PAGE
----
Over Superintendent Steven Walts’ objections and in opposition to new guidance from the federal Centers for Disease Control and Prevention, the Prince William County School Board is sticking with its plan to allow students in fourth through 12th grades to begin returning to schools for in-person instruction at the end of February.
After another marathon school board meeting that began at 7 p.m. Wednesday, Feb. 17, and stretched well past 1 a.m. Thursday, Feb. 18, a deeply divided school board voted 5-3 to retain the schedule they tentatively approved Jan. 12.
The plan allows willing fourth, fifth, sixth and ninth grade students to return to schools two days a week beginning on Feb. 25 and 26, while students in the seventh, eighth, 10th, 11th, and 12th grades would be permitted to return to schools on March 2 and 3.
The decision came after the board rejected a new proposal from Superintendent Steven Walts to push the schedule back a few weeks to allow for teachers to be fully vaccinated and for their vaccinations to reach full efficacy. Walts sought to allow most teachers and staff to wait until several days after receiving their second shot to return to school buildings.
Walts’ schedule proposed returning students in fourth and fifth grades on March 9 and 10, while students in grades sixth and ninth would have returned on March 23 and 24. Older students – those in seventh, eighth, 10th, 11th and 12th grades – would have returned after spring break on April 6 and 7.
Walts introduced his revised schedule after an hours-long presentation from school division teachers, counselors and principals about what schools are already doing to support students both academically and emotionally while learning virtually.
During the presentation, principals told school board members their schools would be ready to welcome back students on the date the school board chose. But all also expressed concerns about several issues, including the mixing of older students in hallways and cafeterias, the difficulty of keeping teenagers 6 feet apart and, in some schools, the low number of students returning to school. Some principals spoke of teachers having to come into school buildings to teach only one or two students in person while the rest remained home, learning virtually.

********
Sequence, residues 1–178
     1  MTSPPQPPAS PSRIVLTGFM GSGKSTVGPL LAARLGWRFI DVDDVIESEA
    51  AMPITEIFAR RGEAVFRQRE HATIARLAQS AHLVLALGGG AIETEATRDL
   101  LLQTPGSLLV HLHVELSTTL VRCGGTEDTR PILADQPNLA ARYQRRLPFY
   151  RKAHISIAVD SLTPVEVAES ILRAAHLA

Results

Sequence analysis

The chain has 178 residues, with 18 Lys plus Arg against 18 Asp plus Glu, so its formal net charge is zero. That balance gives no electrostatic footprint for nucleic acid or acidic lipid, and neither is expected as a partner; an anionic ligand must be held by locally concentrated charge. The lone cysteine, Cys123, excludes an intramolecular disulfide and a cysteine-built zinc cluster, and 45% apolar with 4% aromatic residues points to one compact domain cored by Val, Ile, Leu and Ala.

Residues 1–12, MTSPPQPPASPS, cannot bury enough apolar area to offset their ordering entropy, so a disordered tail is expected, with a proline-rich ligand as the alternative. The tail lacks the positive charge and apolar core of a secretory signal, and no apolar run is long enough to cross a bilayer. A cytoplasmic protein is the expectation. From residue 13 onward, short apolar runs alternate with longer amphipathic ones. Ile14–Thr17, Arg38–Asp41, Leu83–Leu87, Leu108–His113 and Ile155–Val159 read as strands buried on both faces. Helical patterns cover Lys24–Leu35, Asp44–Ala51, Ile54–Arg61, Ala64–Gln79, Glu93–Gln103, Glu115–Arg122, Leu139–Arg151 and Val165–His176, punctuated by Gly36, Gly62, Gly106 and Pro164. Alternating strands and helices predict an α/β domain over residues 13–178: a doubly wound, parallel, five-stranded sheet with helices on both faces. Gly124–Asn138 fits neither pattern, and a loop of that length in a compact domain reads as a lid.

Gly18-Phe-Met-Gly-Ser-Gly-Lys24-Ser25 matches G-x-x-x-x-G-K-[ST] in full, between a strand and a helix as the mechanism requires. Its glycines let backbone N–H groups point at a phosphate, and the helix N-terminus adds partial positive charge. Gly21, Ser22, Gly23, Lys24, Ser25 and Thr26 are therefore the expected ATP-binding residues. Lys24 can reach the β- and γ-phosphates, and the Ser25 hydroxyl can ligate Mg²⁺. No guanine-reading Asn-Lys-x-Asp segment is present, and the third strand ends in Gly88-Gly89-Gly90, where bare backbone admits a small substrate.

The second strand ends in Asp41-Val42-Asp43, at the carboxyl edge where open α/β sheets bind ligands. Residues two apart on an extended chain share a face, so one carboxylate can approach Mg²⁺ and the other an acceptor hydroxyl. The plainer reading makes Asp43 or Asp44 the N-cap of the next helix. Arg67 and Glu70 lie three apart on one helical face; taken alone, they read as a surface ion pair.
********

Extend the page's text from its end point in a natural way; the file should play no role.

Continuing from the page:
Walts also said he does not believe the school board’s earlier dates are either “feasible or safe.”
Walts called his own plan “feasible and safer.” He said it would not only wait until all teachers and staff are vaccinated but offered extra time for community transmission rates of COVID-19 to decline.
Prince William County's COVID-19 metrics, while declining recently, are still high enough to place the local health district in the "highest risk" range in measures such as cases of COVID-19 per capita and the percent-positivity rate on COVID-19 tests.
Both measures figure prominently in new CDC guidance released last week that recommends that communities with the highest level of community spread allow only the youngest and most vulnerable students to attend school in-person on a hybrid schedule. Middle and high schools are recommended to remain virtual.
In all cases in communities with the highest level of spread, 6 feet of social distancing is "required," the CDC guidance says. Walts and other school division officials have said 6 feet of social distancing cannot be guaranteed in either middle or high school hallways or on school buses at all grade levels.
Walts also noted his plan would stretch out the grades’ return to schools, allowing administrators to better implement and adjust mitigation strategies as thousands more students return to schools.
But Walts’ plan died in a 4-4 tie, with school board members Adele Jackson (Brentsville), Lillie Jessie (Occoquan), Loree Williams (Woodbridge) and Diane Raulston (Neabsco) voting in favor of the plan and school board Chair Dr. Babur Lateef (at large) voting against it, along with Lisa Zargarpur (Coles), Jen Wall (Gainesville) and Justin Wilk (Potomac).
The board also voted down a kind of compromise plan suggested by Wilk that would have returned fourth and fifth graders to schools on Feb. 25 and 26 while pushing back sixth and ninth grades to March 2 and 3 and the rest of the grades to March 9 and 10.
But only Raulston joined Wilk in voting for that plan, while all other school board members voted against it.
Finally, Lateef called for a vote on the Jan. 12 plan, which won his support as well as that of Raulston, Wall, Wilk and Zargarpur. Jackson, Jessie and Williams voted against it.
After the vote, Walts insisted the school board clarify his "authority" in making changes to the school schedule based on health and safety concerns.
Mary McGowan, the school board attorney, said that in her opinion, Walts could take any of several steps to react to spikes in cases or outbreaks, including ordering individual grades or entire schools to revert to virtual instruction. But Walts could not alter the return-to-school schedule the school board reaffirmed early Thursday morning, McGowan said.